# Readability and efficiency, Which is better? Numpy, tuple, etc?

I'm working with xyz vectors a lot in my program. I'm using them enough that giving each one a variable (such as offset_x, offset_y, etc) is becoming tedious and cluttering code-wise. Now, I could put each set of x, y, and into tupples (such as offset = (x,y,z) ) , But I've found that doing stuff like offset[0] everywhere makes the code not quite as readable as I would like, Using a dict seems too inefficient. Numpy is another option, a lot of people have suggested it, but based on information found at Poor numpy.cross() performance , Nunpy may not be quite as suitable for the short arrays I'm dealing with, and I don't have much margin for parts of my script slowing down, as some pieces are run several times a second. Is there anything out there that's both efficient and readable?

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## 1 Answer

Check out namedtuple if you're looking for a more readable tuple. Points are the example given in the docs.

``````Point = namedtuple('Point', ['x', 'y'])
>>> p = Point(11, y=22)     # instantiate with positional or keyword arguments
>>> p[0] + p[1]             # indexable like the plain tuple (11, 22)
33
>>> x, y = p                # unpack like a regular tuple
>>> x, y
(11, 22)
>>> p.x + p.y               # fields also accessible by name
33
>>> p                       # readable __repr__ with a name=value style
Point(x=11, y=22)
``````

If you're interested in efficiency, checkout the implementation. It uses `__slots__` and it's assembled using `exec` so it should be minimal overhead vs. a regular tuple.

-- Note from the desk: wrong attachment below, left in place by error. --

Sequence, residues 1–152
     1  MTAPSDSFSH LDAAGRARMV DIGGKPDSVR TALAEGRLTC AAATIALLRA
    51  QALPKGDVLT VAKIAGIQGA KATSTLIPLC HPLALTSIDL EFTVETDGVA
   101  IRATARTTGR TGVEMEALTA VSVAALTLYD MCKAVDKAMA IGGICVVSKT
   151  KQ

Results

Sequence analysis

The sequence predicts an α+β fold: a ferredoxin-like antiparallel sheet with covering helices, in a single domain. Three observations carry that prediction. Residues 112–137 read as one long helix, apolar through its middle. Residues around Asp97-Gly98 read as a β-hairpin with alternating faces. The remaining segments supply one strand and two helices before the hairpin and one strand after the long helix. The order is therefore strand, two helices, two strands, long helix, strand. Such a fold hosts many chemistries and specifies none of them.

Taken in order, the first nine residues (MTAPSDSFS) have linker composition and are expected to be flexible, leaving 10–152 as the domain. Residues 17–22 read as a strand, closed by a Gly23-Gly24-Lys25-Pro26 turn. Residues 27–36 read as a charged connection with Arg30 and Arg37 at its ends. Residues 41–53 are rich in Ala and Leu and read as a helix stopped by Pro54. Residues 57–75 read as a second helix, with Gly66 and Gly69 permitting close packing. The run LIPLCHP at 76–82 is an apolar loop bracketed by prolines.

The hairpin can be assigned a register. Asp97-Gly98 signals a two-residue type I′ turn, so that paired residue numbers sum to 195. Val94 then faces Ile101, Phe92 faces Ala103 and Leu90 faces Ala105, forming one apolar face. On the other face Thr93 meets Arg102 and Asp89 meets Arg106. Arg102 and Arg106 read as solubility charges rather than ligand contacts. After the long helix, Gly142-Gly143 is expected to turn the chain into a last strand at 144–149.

Since it's coded in Python you could cut out a few of the possibly unnecessary methods like `__repr__`, `_asdict`, `_replace`, and `__getnewargs__` to reduce the footprint even more.

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I'm guessing this is a wrapper over the tuple type? How much overhead does it incur? –  Varriount Aug 6 '11 at 3:56
See my edit. Basically, minimal. –  agf Aug 6 '11 at 4:12
And as for speed? I read up on Namedtuple, looking at both the docs and at pysnippet.blogspot.com/2010/01/named-tuple.html , and in the comment section, one person states that using a Namedtuple is 2-3 times slower. Sorry for grilling you, but one of my particularly important sections is run several times a second, and I don't have much wiggle room, performance wise. Aside from that, this looks like a great solution –  Varriount Aug 6 '11 at 4:18
It's written in Python, so it's going to be slower. NumPy is in C, as is the builtin `tuple`. If you want it to run faster and don't really need NumPy, use PyPy instead of CPython, you'll get a major speedup. –  agf Aug 6 '11 at 4:21